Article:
It is also a reasonable bet that the creative brain was a curious brain looking for better or more advantageous ways to do things. And when they were found, the species adapted and survived.
Our early ancestors may not have had a grunt that meant 'study mathematics my son or daughter’ but they must have used some of the principles of science as they successfully moved out across Europe and Africa.
Indeed, the first known technological innovations (the applications of scientific principles) began to appear in the Middle Stone Age in Africa; our ancestors were using heat-treated mixed compound gluing to make tools and weapons some 72,000 years ago.
The new tools, and the use of tools to make tools, facilitated the transition to a different way of life, and so to survival.
Technological progress continues to be critical to our development – economically, and to our survival. It has been proposed as the factor of production that explains most of the half of historical economic growth that is left after the contribution of known factors (such as land, labour) is accounted for. As a factor of production, technology produces wealth and produces more technological progress, enabling a virtuous cycle of exponential growth.
The so-called 'fuel’ for technological growth is ideas – new knowledge. Without it, we will never make the leaps that we need to make; our leaps will be shuffles – small, incremental and not often detectable in a reasonable timeframe.
It is important to note along the way that if we don’t replenish the stock of intellectual capital all we do is deplete it. And when that happens, our culture is diminished along with our capacity to adapt, or mitigate or solve the challenges that lie ahead.
And we know from the fossil record what that can mean.
So today is a story about science. It is science in a broad sense and will include technology, engineering and mathematics. It is a story in three unequal parts: science and how it works; why we need science; and how better to get the messages about science out to the community.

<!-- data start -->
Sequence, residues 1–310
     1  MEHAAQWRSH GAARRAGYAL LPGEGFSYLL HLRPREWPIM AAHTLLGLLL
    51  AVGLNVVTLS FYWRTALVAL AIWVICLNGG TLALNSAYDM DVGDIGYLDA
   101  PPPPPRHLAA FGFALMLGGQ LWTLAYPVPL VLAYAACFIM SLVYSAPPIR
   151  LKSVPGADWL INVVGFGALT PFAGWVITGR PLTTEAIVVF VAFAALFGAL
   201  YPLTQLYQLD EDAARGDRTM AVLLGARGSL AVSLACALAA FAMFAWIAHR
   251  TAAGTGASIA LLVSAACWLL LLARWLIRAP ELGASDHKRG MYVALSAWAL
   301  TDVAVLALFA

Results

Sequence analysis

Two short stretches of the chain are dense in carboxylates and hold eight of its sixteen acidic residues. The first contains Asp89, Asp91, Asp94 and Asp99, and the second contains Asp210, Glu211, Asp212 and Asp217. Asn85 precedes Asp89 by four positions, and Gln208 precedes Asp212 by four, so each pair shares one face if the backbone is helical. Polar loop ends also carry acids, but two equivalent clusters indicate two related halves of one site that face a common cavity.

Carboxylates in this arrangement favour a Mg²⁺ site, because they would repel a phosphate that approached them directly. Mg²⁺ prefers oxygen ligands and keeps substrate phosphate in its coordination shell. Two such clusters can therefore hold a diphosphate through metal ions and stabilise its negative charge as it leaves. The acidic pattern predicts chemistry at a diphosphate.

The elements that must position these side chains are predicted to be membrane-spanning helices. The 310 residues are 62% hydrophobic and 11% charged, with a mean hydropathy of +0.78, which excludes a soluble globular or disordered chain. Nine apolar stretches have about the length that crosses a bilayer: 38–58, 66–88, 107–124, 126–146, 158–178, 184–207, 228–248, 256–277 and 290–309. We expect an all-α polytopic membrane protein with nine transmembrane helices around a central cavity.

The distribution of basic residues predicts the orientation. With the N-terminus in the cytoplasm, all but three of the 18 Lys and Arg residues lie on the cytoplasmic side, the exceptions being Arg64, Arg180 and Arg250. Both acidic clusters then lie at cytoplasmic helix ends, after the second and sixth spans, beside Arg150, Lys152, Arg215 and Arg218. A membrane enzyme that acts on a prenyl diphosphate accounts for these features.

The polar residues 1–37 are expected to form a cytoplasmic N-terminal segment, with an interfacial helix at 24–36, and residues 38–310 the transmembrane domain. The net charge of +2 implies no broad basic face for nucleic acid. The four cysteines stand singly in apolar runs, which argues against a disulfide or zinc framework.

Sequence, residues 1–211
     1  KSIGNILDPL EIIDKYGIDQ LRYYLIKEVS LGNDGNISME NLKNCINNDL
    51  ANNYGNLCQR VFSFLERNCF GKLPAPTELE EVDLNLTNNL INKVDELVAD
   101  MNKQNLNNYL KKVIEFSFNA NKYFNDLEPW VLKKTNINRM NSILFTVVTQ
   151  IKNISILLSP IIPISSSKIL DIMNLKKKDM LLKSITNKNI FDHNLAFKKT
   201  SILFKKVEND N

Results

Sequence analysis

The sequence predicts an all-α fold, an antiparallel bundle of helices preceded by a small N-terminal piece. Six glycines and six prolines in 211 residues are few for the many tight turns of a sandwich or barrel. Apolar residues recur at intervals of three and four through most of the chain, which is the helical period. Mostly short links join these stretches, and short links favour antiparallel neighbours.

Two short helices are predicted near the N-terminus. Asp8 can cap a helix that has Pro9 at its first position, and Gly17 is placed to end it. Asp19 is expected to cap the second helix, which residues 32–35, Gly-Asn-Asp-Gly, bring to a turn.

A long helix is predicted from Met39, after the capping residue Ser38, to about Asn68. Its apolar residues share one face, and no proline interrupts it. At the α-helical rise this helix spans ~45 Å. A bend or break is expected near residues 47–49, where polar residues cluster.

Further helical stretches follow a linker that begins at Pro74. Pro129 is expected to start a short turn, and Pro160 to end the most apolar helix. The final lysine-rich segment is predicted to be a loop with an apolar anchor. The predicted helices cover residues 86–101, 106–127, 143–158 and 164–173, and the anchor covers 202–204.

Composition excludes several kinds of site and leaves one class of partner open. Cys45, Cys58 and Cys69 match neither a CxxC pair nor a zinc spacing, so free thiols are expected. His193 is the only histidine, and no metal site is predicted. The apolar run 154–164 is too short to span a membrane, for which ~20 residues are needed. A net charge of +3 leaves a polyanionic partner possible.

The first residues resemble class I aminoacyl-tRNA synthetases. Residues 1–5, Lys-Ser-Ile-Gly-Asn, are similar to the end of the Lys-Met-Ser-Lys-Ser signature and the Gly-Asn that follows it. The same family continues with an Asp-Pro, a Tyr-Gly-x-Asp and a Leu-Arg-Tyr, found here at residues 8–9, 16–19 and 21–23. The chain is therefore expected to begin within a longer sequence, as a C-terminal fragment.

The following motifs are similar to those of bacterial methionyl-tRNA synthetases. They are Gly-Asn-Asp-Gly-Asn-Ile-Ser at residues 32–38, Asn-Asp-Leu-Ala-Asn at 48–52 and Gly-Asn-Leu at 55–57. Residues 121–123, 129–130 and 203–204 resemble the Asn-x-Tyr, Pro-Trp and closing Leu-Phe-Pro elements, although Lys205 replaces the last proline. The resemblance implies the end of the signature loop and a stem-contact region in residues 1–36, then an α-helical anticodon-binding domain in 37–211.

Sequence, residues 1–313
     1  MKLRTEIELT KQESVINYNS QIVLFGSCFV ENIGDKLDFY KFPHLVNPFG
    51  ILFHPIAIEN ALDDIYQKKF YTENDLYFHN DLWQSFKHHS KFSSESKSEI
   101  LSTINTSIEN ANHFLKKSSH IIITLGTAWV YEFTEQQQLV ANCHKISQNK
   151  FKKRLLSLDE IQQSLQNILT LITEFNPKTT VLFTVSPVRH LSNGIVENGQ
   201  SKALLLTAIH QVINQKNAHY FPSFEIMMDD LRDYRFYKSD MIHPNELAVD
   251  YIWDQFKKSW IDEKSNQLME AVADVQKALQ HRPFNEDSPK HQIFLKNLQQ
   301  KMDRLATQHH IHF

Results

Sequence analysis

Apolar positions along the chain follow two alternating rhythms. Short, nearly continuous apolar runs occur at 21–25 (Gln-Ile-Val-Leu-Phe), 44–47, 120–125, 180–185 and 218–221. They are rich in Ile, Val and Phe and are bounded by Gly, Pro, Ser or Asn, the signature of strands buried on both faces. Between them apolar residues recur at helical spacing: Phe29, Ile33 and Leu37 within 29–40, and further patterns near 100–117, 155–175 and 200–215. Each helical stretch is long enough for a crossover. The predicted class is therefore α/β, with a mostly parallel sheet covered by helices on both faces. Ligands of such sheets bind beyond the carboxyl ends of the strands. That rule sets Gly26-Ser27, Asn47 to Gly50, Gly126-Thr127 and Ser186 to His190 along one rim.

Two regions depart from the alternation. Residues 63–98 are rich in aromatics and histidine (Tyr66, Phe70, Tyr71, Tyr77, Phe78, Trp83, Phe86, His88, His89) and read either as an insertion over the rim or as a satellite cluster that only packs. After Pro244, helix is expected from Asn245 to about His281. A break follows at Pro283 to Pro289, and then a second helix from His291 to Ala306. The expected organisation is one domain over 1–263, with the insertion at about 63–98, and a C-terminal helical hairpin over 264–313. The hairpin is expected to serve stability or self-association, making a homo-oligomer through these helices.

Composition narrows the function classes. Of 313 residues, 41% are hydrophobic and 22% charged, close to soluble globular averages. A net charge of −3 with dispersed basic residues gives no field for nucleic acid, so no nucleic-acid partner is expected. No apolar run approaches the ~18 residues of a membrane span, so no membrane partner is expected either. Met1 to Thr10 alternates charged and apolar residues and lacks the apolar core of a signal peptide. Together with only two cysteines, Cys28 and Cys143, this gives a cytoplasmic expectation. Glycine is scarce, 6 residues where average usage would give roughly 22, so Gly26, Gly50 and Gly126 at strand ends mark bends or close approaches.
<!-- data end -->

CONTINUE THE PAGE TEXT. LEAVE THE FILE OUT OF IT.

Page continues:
Science works because it relies on integrity, evidence and transparency. Jane Lubchenko then head of NOAA said: Scientific integrity is at the core of producing and using good science. By being open and honest about our science, we build understanding and trust.
And it is kept honest by its openness. For example, the entire expert peer community scrutinises the output of scientists and it doesn’t hold back if the experiments are poorly designed, the hypothesis trivial, the data poor or misinterpreted or even worse, misrepresented.
But, as Paul Nurse said: experiments and observations alone are not enough. …Scientists have to come up with ideas that can be tested. …This distinguishes it from beliefs based on religion or ideology, which place much more emphasis on faith, tradition and opinion.
And when the ideas are tested, and when the data are replicated from different places, with different people and sometimes different disciplines and techniques, we are entitled to conclude that the evidence has stood up to scrutiny and that the evidence is robust.